25 June 2008

Goat Updates

Time has been flying here, with the new farm keeping us busy. Fortunately, as the children are getting older they're becoming much more helpful in the garden and with the animals.

Hard to believe that Queen Anne's Lace (QAL) the Goat's kids are now three weeks old. The twin boys are doing very well, and we've recently moved them and QAL back in with the rest of the herd. She's endowed with incredibly large teats, which are a mixed blessing. She's extremely easy to milk, as the things are like sausages --- unlike the tiny little things on some other goats that you can barely get two fingers around. But that convenience comes at a price; the teats are so big around, and hang down so low, newborn kids simply cannot get down low enough to reach them --- or even get one into their mouth without assistance.

Homeschooled Farm Girl to the rescue! Several times a day, she went to the kidding pen and made sure both little kids got latched on and nursed out plenty of milk. Then, after a couple of weeks, I noticed that the kids were figuring it out on their own. HFG continued to double-check the kids, but they're now at the point where they don't need any help.

Meanwhile, I wish we could say the same about Biscuits the Goat Kid. As you recall, he'd been rejected by his mother --- and then developed pneumonia, which occupied us for the better part of a weekend and ran up a vet bill basically equal to what he's worth in meat. He did survive the pneumonia, but we've been paying closer attention to him --- and drawing some unsettling conclusions.

The bottom line is this: Biscuits is S-T-U-P-I-D.

How stupid? He cannot learn how to drink water from a bucket. Oh, we've tried. HFG has tried. You put his face near the water, lift some water up to his lips to demonstrate what's in the bucket...and then he shakes his head and pulls away. You put his mouth down into the water, and he just stands there like a statue. You put more of his mouth into the water, and then he snorts like crazy and shakes his way free so he can breathe. The only way he will drink is out of a bottle with a nipple. As a result, HFG has had to go out a few times a day and give him several bottles full of water. Couldn't we simply let him get really thirsty, so he'd have to learn how to drink? Unfortunately, that's how he got pneumonia. He's so stupid (or his mouth is so malformed), he never figured it out; the pneumonia came, we think, from his getting dehydrated and weakened.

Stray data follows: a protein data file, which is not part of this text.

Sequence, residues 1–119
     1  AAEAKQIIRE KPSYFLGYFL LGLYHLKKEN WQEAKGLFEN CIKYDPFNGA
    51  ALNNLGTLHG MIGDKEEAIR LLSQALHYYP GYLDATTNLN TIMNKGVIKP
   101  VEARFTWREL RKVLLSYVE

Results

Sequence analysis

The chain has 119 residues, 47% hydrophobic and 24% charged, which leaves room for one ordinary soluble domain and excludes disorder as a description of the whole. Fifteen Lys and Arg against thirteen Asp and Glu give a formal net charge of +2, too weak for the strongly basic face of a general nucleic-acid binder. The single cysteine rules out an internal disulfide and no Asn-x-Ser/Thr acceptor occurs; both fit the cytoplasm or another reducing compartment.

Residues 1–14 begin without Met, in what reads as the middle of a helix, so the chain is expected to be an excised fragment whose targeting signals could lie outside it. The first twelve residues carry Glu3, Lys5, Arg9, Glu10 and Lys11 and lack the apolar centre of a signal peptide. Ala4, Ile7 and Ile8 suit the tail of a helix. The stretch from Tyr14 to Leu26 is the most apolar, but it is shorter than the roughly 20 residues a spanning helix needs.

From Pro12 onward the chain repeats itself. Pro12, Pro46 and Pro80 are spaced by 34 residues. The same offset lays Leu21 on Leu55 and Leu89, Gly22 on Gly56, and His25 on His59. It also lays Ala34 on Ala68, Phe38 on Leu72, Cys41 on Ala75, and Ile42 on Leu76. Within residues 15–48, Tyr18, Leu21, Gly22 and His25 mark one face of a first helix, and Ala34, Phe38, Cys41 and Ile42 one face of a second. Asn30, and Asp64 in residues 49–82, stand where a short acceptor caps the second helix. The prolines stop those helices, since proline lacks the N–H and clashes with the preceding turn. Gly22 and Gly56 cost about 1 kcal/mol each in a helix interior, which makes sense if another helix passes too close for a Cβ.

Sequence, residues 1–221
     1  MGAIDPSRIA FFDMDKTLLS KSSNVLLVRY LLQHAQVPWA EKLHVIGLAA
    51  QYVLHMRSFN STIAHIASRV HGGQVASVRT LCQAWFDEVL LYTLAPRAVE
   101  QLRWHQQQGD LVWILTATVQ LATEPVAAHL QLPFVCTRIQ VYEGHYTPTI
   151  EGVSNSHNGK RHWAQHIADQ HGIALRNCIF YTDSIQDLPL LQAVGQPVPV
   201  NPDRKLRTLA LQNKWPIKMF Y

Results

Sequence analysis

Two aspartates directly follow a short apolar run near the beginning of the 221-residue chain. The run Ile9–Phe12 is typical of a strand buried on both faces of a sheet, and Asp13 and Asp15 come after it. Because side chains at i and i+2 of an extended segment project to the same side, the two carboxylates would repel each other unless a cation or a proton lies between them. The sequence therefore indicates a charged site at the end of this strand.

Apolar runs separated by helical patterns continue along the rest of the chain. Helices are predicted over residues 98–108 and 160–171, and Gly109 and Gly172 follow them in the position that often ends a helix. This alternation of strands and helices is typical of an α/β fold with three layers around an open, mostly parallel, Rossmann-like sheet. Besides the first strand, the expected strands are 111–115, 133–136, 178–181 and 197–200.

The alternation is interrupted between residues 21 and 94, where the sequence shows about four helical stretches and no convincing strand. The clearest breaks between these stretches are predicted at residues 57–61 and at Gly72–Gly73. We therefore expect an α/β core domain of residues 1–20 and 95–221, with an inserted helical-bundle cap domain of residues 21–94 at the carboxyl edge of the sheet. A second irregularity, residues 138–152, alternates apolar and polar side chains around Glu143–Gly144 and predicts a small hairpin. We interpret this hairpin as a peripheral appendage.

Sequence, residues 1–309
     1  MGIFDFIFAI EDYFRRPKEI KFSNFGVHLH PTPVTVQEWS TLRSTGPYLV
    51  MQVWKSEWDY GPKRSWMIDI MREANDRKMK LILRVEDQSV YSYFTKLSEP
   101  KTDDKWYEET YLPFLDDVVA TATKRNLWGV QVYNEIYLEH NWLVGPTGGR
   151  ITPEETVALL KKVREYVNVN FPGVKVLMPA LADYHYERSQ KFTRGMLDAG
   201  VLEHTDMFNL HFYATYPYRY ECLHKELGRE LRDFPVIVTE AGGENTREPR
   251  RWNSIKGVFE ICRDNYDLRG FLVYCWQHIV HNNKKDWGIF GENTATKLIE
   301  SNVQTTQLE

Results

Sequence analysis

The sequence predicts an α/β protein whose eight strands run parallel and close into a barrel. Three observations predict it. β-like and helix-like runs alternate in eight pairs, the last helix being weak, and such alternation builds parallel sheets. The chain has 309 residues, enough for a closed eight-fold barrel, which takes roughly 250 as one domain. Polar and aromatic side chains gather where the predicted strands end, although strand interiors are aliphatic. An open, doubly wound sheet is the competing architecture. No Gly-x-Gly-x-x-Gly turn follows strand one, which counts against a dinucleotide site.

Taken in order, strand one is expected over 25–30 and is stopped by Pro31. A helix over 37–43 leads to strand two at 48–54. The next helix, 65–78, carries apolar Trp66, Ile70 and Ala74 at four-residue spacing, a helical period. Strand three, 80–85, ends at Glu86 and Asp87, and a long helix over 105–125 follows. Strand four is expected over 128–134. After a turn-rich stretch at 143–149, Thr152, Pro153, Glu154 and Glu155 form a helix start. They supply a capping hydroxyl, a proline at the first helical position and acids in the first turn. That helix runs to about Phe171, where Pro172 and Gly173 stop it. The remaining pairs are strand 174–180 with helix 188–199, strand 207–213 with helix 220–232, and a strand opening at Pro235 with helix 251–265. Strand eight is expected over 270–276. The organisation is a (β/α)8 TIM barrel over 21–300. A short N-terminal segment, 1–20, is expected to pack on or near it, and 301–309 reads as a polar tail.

A local farmer who raises dairy goats mentioned that mother goats often reject kids that have some inherent defect. Even if that defect may not be obvious to human eyes, the mother goat just seems to "know" that a particular kid ought to be weeded from the gene pool. The more MYF and I observe Biscuits, the smarter his mother appears. And we're starting to wonder if perhaps Bianca the sheep (AKA "BianKKKa") knew what she was doing in rejecting one of her lambs two years in a row --- the one we saved and bottle-fed last year has yet to really develop fully, has a lousy set of horns, and did not even bear a lamb this year; we're going to cull and butcher that one when we take this year's lambs in.

In the meantime, HFG is clearly getting frustrated with Biscuits, because we've told her she must keep giving him water so we don't lose all that meat. Last night at dinner, out of the blue, sweet and innocent HFG asked, "When are we going to take Biscuits to have his brains bashed in?" As MYF and I reprimanded HFG for the inappropriate language and tone, it was all I could do to keep from doubling over and laughing at these completely unexpected words.

Answer: Soon, Honey. Hopefully real soon.

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